It seems like many of the politically powerful in Portland (non profits, civic organizations, homeless advocates, justice advocates, city bureaucrats, etc) have spent the last 3 years downplaying and questioning the public safety and crime concerns of everyday Portlanders.

This survey shows that people don’t buy the narrative that “everything is fine” here. It is encouraging though to see influencers like Jonathan Maus finally agreeing that we do have a problem.

The first step to solving a problem is admitting there is one. I hope more in Portland will do so. Then maybe we can working to making this once again “the city that works”.

SD
SD
1 year ago

Work from home more than tripled from 2019 to 2021.

While this is clearly the primary reason that the bike split decreased,

We should also be very concerned about all of the excess car infrastructure that is very expensive to maintain.

In these uncertain times, we should be removing SOV parking and travel lanes.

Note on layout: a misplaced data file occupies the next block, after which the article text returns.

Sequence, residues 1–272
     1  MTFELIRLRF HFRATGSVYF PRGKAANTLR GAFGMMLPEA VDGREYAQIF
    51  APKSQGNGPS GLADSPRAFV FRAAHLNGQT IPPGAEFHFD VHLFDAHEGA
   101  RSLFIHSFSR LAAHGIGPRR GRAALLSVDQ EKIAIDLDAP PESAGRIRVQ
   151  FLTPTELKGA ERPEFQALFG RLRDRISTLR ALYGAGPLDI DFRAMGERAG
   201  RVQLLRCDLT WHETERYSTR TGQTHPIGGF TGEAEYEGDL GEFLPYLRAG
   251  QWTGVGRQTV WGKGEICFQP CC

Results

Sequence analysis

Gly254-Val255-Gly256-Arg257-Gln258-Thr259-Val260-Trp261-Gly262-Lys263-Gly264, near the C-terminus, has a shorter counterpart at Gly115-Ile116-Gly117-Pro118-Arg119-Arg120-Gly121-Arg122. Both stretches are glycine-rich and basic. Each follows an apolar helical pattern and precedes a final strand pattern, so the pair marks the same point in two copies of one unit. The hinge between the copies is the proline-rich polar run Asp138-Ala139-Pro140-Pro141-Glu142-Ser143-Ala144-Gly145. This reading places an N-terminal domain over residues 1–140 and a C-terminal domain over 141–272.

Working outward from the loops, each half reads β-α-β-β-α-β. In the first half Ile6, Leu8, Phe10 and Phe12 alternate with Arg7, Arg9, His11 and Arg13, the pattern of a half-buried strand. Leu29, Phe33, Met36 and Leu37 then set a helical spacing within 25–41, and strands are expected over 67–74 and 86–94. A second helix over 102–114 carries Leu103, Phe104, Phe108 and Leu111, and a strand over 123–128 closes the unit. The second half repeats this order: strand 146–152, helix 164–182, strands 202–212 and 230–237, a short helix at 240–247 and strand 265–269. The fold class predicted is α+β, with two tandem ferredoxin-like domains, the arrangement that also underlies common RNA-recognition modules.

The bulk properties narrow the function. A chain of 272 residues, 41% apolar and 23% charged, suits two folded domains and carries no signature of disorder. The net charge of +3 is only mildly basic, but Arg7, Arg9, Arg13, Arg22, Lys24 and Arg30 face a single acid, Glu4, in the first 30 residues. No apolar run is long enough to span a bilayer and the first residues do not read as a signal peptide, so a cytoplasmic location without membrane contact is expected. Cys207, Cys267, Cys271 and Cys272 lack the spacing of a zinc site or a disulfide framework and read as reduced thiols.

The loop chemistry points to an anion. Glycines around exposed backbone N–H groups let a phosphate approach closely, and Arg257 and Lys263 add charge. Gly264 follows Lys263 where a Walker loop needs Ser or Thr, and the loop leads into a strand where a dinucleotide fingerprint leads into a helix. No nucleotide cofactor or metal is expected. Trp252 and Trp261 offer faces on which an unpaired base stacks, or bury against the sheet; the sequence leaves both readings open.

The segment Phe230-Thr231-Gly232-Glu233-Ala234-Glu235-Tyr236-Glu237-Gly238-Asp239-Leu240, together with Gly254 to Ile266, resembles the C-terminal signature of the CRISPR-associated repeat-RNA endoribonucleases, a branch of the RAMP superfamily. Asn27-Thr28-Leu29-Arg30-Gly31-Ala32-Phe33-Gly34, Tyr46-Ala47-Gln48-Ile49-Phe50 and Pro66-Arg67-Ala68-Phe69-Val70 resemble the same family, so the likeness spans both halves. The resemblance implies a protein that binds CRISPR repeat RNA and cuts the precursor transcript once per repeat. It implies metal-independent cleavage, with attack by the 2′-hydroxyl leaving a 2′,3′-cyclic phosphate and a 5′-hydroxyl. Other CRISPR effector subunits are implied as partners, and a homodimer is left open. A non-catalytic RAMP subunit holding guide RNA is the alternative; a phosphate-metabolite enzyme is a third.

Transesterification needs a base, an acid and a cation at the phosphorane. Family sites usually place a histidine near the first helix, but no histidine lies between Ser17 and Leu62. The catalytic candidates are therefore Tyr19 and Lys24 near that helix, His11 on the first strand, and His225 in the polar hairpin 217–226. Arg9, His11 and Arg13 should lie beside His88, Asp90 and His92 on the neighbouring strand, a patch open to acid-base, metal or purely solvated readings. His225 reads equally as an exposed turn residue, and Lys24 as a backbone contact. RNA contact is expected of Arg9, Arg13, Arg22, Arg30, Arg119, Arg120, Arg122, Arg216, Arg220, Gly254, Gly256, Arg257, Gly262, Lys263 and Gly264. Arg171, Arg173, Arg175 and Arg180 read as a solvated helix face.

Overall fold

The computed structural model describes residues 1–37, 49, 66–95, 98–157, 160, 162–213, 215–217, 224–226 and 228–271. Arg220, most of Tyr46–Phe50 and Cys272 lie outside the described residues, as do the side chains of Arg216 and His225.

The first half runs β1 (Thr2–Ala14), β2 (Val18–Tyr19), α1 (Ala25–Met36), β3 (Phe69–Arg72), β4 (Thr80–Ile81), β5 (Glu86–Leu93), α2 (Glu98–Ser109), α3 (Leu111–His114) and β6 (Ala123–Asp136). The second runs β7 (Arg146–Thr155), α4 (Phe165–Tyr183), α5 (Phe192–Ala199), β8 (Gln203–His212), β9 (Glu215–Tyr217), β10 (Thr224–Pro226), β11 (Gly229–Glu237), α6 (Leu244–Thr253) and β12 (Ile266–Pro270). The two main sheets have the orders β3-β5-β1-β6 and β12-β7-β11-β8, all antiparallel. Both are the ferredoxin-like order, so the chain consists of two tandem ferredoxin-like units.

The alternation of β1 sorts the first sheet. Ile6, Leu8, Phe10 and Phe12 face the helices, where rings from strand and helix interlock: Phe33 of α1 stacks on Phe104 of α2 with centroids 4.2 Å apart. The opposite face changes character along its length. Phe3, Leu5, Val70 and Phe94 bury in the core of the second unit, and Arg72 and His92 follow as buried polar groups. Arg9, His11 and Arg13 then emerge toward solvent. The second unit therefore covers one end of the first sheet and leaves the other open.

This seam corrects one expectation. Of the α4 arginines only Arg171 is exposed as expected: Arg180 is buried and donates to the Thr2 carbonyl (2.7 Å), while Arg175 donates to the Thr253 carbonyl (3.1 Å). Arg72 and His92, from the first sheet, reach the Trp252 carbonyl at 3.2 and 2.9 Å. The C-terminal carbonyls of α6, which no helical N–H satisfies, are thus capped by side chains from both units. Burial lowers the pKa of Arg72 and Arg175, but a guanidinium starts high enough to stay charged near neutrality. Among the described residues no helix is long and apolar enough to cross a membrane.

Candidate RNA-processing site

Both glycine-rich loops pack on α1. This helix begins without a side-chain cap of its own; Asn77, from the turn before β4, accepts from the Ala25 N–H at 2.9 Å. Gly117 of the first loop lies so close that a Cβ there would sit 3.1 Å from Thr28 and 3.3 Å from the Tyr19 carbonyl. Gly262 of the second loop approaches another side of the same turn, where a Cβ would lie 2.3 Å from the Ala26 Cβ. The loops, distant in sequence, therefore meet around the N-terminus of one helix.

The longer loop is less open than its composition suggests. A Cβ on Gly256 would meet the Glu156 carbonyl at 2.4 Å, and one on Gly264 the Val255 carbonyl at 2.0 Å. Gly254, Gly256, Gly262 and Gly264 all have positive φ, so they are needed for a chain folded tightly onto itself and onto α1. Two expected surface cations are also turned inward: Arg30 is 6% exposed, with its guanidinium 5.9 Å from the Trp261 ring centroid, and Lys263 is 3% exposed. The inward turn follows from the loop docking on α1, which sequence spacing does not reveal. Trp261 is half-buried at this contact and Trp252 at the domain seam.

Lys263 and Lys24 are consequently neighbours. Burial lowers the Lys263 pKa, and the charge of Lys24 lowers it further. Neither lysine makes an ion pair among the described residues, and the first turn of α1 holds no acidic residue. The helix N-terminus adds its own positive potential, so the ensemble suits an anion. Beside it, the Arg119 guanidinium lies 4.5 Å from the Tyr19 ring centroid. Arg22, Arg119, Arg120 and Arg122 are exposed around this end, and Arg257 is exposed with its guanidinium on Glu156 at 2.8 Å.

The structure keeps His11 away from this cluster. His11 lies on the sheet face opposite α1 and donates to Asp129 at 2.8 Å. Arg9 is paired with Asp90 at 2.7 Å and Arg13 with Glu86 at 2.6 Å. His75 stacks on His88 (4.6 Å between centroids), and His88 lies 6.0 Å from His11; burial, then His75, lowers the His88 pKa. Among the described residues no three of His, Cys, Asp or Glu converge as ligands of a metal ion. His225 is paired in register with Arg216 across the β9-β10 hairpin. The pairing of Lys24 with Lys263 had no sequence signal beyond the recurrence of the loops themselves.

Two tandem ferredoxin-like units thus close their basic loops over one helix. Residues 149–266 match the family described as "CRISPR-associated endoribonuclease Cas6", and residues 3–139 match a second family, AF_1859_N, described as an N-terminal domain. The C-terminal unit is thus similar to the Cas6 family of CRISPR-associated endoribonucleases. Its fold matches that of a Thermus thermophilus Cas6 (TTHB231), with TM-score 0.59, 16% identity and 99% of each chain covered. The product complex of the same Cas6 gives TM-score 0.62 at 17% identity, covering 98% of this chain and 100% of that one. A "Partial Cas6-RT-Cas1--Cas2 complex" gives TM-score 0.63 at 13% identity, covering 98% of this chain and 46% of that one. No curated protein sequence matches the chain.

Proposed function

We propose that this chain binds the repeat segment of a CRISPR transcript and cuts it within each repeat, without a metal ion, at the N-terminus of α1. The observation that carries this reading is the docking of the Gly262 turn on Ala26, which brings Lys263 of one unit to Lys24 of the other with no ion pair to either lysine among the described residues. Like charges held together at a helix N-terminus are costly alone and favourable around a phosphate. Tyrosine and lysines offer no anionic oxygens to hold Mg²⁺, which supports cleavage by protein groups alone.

soren
soren
1 year ago
Reply to  SD

While this is clearly the primary reason that the bike split decreased,

Nice try, but no. If WFH is subtracted from the census ACS data the sharp decrease in bike and mass transit commutes (on a percentage basis) really stands out.

Moreover, PBOT measured bike traffic over 24 hr periods at many locations and they showed the same calamitous decrease in bike traffic (read the report).

Charley
Charley
1 year ago

Partial list of possible contributing factors, in no particular order:

Price of gasoline: the inflation adjusted price of gasoline ramped up from 1999 ($1.50) to 2008 ($4.68), then wiggled around. This is the same time-frame as our steady increase in bike ridership. But the gas price dropped from $4 to $2 between 2014 and 2016, just as bike ridership began its decline. I’m no statistician, and correlation is not causation, but it’s pretty obvious that this price signal will have an impact on transportation choices.